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Bottom 50 per cent of UK authors made less than £10,500 in 2013

The median earnings of authors in the UK has fallen below the minimum wage, according to a survey of 2,500 writers, published by researchers at Queen Mary University of London.

21 April 2015

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The Business of Being an Author, commissioned by the Authors' Licensing & Collecting Society (ALCS), found “huge inequality” in authors’ earnings, with the top five per cent of earners accounting for 42 per cent of total authors’ income

The study found that just one in ten authors can afford to work solely as a writer, compared with 40 per cent in 2005.
In real terms, the researchers found that authors’ earning have declined by eight per cent since 2005.

The report also found that:

  • The bottom 50% (those earning £10,432 or less) earned just seven per cent of authors’ cumulative income
  • 17 per cent of authors did not earn any money from writing in 2013, despite 98 per cent of these having had a work published or exploited in each year from 2010 to 2013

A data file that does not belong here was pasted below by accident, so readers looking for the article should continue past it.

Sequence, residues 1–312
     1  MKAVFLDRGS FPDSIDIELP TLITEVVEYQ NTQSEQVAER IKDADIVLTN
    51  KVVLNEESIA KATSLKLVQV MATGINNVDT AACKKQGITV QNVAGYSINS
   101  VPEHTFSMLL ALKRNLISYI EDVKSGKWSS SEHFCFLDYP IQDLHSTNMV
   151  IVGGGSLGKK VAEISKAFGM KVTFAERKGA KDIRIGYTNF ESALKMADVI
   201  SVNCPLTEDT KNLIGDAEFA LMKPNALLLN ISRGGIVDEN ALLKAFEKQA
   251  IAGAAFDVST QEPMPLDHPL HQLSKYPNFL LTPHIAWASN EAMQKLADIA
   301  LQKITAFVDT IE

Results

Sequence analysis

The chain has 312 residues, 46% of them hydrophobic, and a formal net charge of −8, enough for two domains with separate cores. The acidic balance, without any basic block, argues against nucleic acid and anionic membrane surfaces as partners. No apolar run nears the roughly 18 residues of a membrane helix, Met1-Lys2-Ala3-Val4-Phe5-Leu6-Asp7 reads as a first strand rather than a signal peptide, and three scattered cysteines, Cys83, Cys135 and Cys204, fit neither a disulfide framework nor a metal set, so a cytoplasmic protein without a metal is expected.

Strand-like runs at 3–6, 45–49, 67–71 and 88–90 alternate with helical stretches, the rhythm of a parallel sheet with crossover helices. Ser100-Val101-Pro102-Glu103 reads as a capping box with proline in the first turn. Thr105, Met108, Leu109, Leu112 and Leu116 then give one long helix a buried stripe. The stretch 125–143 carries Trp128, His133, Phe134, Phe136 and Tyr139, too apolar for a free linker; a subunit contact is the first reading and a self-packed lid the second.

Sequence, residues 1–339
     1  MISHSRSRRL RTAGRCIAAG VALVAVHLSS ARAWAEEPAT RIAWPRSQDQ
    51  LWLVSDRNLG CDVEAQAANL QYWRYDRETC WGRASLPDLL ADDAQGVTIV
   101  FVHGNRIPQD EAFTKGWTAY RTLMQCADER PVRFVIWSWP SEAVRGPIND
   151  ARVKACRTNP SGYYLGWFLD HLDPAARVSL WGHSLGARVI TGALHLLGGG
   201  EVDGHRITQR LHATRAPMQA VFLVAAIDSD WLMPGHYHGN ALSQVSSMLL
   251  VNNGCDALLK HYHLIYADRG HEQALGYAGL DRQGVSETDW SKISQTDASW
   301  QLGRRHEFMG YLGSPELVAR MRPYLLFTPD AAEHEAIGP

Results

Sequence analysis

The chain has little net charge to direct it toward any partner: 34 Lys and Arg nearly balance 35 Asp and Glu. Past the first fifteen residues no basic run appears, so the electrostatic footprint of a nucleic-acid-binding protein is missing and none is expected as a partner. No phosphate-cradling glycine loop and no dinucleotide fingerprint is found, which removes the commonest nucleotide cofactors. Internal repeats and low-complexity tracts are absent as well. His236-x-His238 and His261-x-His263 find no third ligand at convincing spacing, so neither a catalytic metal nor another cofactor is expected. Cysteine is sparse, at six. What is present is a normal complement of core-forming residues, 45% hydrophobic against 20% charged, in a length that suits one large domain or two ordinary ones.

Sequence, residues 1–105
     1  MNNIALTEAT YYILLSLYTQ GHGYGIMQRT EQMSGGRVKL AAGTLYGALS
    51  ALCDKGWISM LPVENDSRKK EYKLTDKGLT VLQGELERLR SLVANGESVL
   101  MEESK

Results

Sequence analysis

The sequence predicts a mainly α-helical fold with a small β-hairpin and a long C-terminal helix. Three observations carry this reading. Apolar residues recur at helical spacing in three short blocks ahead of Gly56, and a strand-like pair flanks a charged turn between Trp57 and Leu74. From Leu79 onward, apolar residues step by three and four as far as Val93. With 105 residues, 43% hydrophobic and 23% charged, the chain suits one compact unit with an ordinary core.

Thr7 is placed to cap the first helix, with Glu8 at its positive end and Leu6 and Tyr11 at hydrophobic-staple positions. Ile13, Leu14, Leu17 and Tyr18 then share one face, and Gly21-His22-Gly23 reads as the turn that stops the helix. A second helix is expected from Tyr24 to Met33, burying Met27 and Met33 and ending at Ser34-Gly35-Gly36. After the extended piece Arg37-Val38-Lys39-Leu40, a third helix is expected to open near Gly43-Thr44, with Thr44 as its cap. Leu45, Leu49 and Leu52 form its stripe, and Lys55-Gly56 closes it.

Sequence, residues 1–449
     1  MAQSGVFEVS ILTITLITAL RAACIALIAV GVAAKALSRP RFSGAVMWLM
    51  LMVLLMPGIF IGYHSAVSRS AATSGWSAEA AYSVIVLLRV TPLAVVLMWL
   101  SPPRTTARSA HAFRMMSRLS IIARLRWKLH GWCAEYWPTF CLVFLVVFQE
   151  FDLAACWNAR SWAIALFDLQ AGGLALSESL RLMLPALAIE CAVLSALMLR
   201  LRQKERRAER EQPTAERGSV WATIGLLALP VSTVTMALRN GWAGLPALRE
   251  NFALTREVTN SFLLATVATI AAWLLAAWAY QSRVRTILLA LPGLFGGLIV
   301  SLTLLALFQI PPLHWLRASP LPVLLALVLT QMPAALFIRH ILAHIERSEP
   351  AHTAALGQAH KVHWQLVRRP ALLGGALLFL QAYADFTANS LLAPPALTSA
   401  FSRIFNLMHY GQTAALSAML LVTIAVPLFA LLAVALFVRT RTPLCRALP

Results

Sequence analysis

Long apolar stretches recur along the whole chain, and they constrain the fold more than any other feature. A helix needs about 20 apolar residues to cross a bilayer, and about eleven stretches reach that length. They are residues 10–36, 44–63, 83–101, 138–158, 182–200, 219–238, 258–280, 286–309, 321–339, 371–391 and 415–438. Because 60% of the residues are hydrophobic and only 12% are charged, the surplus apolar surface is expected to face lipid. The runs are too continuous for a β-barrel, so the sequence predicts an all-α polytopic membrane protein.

• Since 2005, the typical author has become poorer against society as a whole and now (from self-employed writing) earns only 87% of the minimum wage

The research was carried out by Professor Johanna Gibson, Queen Mary University of London; Professor Philip Johnson, Cardiff University, and Dr Gaetano Dimita, Queen Mary University of London.

Image credit: Furcifer pardalis

About the Queen Mary Intellectual Property Institute (QMIPRI)


For media information, contact:

Mark Byrne
Public Relations Manager
Queen Mary University of London
email: m.byrne@qmul.ac.uk

 

 

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